Parallel hierarchical multiscale modeling of granular media by coupling FEM and DEM with open-source codes Escript and YADE

Authors: Ning Guo and Jidong Zhao

Institution: Hong Kong University of Science and Technology

Escript download page: https://launchpad.net/escript-finley

mpi4py download page (optional, require MPI): https://bitbucket.org/mpi4py/mpi4py

Tested platforms: Desktop with Ubuntu 10.04, 32 bit; Server with Ubuntu 12.04, 14.04, 64 bit; Cluster with Centos 6.2, 6.5, 64 bit;

Introduction

The code is built upon two open source packages: Yade for DEM modules and Escript for FEM modules. It implements the hierarchical multiscale model (FEMxDEM) for simulating the boundary value problem (BVP) of granular media. FEM is used to discretize the problem domain. Each Gauss point of the FEM mesh is embedded a representative volume element (RVE) packing simulated by DEM which returns local material constitutive responses to FEM. Typically, hundreds to thousands of RVEs are involved in a medium-sized problem which is critically time consuming. Hence parallelization is achieved in the code through either multiprocessing on a supercomputer or mpi4py on a HPC cluster (require MPICH or Open MPI). The MPI implementation in the code is quite experimental. The “mpipool.py” is contributed by Lisandro Dalcin, the author of mpi4py package. Please refer to the examples for the usage of the code.

Work on the YADE side

The version of YADE should be at least rev3682 in which Bruno added the stringToScene function. Before installation, I added some functions to the source code (in “yade” subfolder). But only one function (“Shop::getStressAndTangent” in ”./pkg/dem/Shop.cpp”) is necessary for the FEMxDEM coupling, which returns the stress tensor and the tangent operator of a discrete packing. The former is homogenized using the Love’s formula and the latter is homogenized as the elastic modulus. After installation and we get the executable file: yade-versionNo. We then generate a .py file linked to the executable file by “ln yade-versionNo yadeimport.py”. This .py file will serve as a wrapped library of YADE. Later on, we will import all YADE functions into the python script through “from yadeimport import *” (see simDEM.py file).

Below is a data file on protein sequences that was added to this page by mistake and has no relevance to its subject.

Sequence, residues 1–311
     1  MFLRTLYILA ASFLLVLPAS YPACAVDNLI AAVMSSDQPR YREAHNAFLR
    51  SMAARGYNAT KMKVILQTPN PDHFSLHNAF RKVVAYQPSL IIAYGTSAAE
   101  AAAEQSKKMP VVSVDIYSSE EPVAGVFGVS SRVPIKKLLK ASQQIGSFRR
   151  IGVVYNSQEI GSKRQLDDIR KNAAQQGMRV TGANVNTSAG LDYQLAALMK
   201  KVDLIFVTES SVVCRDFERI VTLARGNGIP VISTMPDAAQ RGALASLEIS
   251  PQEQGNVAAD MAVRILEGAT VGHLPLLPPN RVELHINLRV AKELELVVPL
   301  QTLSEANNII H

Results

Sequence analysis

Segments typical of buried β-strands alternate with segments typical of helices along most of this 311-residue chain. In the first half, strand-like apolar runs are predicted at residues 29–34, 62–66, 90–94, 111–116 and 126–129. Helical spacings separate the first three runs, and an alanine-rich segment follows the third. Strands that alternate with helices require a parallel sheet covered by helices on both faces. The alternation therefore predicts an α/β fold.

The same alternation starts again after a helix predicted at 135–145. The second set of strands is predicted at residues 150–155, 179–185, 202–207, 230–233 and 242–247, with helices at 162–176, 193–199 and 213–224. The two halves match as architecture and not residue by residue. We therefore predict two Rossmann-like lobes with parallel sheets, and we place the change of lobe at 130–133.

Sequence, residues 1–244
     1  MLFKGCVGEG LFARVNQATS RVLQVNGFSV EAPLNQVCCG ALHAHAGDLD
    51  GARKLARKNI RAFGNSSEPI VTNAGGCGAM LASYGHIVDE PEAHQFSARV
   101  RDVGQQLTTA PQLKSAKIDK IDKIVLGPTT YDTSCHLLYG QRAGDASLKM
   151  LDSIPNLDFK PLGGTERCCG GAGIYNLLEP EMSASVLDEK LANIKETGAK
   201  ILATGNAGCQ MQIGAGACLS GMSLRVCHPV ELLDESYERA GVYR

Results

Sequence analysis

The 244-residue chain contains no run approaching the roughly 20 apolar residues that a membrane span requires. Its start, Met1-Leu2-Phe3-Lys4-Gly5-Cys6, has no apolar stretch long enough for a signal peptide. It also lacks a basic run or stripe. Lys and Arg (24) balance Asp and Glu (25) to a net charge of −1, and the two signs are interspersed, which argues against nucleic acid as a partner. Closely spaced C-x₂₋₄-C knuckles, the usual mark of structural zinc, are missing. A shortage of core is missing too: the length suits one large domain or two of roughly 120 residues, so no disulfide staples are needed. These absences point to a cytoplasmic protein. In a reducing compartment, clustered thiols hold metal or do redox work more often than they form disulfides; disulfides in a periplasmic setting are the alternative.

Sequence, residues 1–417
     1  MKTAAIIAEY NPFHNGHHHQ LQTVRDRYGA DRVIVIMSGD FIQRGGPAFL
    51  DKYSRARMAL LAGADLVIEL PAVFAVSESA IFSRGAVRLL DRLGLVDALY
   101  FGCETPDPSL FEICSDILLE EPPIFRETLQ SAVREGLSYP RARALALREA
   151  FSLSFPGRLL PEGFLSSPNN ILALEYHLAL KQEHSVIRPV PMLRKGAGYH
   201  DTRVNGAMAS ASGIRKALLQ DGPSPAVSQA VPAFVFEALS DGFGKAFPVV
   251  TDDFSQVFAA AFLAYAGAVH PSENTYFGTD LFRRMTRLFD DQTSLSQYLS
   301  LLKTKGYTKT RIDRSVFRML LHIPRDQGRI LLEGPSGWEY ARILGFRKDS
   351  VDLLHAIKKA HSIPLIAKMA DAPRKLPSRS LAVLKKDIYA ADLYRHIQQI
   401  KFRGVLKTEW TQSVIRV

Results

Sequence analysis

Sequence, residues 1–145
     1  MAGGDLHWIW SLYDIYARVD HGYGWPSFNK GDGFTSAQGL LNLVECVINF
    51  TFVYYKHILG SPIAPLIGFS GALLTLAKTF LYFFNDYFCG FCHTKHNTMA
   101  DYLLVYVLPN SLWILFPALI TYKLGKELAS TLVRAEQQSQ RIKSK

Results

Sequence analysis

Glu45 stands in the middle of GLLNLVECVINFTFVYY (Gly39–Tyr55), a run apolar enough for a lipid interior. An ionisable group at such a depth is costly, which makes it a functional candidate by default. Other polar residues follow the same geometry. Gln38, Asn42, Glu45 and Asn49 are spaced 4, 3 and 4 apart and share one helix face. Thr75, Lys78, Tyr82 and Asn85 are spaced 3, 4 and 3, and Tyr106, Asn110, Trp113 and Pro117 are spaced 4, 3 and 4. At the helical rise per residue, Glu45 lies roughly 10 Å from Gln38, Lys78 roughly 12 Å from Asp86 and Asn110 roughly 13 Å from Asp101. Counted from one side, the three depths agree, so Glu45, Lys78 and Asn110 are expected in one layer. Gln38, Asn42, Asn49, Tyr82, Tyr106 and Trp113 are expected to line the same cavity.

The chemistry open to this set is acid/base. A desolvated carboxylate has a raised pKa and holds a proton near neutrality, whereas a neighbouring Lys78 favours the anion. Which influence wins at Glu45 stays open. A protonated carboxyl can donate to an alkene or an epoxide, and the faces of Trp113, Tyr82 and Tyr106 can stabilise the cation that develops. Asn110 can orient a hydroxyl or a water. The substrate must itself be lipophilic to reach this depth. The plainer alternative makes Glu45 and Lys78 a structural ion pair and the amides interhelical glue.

Open a python terminal. Make sure you can run

import sys
sys.path.append('where you put yadeimport.py')
from yadeimport import *
Omega().load('your initial RVE packing, e.g. 0.yade.gz')

If you are successful, you should also be able to run

from simDEM import *

Work on the Escript side

No particular requirement. But make sure the modules are callable in python, which means the main folder of Escript should be in your PYTHONPATH and LD_LIBRARY_PATH. The modules are wrapped as a class in msFEM*.py.

Open a python terminal. Make sure you can run:

from esys.escript import *
from esys.escript.linearPDEs import LinearPDE
from esys.finley import Rectangle

(Note: Escript is used for the current implementation. It can be replaced by any other FEM package provided with python bindings, e.g. FEniCS (http://fenicsproject.org). But the interface files “msFEM*.py” need to be modified.)